FIG. 4 illustrates the impact of the wind 135 on the individual receivers 106. FIG. 4 also illustrates the wind impact on a buried receiver 106 a. The wind 135, in general, creates a two-phase flow zone 400, comprising soil (e.g., sand) and air, intermediate a single-phase flow zone 403, comprising air only, and the ground surface 107. In FIG. 4, the turbulence patch 300 is shown (and its track partially indicated in broken lines) and the downward pressure it exerts is represented by the arrows 406. It is this downward pressure that excites the surface wave, represented by the arrows 409 (only one indicated). Thus, wind noise is induced in the measurements of the surface sensor 106 from the direct impact of the wind 135, represented by the arrows 412, on the sensor 106 and by the surface wave 409 on the spikes 415 (only one indicated) thereof. The buried sensor 106 a escapes the direct impact 412, but is still impacted by the surface wave 409. Thus, the data from the buried receiver 106 a will also contain wind induced noise.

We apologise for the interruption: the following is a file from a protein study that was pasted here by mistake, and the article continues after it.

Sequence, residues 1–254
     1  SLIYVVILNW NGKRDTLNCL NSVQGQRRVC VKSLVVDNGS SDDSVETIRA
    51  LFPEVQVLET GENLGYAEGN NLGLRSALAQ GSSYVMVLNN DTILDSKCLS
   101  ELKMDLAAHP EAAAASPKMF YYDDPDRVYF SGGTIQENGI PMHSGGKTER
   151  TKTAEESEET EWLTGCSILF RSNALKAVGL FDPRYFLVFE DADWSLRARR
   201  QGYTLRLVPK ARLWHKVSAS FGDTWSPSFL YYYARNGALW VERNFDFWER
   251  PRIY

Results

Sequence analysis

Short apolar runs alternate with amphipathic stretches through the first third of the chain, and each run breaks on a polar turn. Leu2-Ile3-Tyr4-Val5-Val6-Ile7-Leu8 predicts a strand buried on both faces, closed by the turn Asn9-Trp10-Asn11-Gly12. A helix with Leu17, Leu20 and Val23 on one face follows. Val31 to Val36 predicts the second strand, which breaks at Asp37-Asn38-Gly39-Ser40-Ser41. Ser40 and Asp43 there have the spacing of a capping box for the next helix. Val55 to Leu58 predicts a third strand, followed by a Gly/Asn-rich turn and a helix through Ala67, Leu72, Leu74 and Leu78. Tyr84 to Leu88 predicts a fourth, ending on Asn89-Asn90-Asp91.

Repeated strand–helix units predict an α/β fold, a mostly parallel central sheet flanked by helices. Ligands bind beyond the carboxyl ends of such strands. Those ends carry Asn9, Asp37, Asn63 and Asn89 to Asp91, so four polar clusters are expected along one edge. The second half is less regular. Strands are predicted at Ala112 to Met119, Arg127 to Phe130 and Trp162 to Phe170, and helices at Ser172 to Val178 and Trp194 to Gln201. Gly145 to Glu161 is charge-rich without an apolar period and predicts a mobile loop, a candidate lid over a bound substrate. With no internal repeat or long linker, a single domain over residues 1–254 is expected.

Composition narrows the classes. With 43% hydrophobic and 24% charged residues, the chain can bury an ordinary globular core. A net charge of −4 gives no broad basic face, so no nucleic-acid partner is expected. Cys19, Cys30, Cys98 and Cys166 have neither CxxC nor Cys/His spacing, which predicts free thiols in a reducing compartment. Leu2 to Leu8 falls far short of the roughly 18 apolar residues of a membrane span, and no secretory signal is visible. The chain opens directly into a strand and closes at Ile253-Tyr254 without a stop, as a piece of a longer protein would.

The seismic data collected as described above and contaminated with the wind-induced noise is then processed in accordance with the present invention. The present invention introduces the filtering of locally coherent wind noise prior to correlation of the vibroseis records, i.e., prior to correlating the seismic data to the sweep signal. FIG. 5 illustrates the data flow 500 in one particular embodiment of a method in accordance with the present invention.

The data flow 500 begins with a pilot signal 503 driving a vibroseis signal 506 in accordance with conventional practice. The vibroseis signal 506 is emitted by the seismic source 115, shown in FIG. 1, as the seismic survey signal 125. The reflections 135 are then received by the receivers 106 along with wind noise 509 as described above. Thus, the receiver 106 generates data including seismic data extracted from the reflections 135 and the wind noise 509.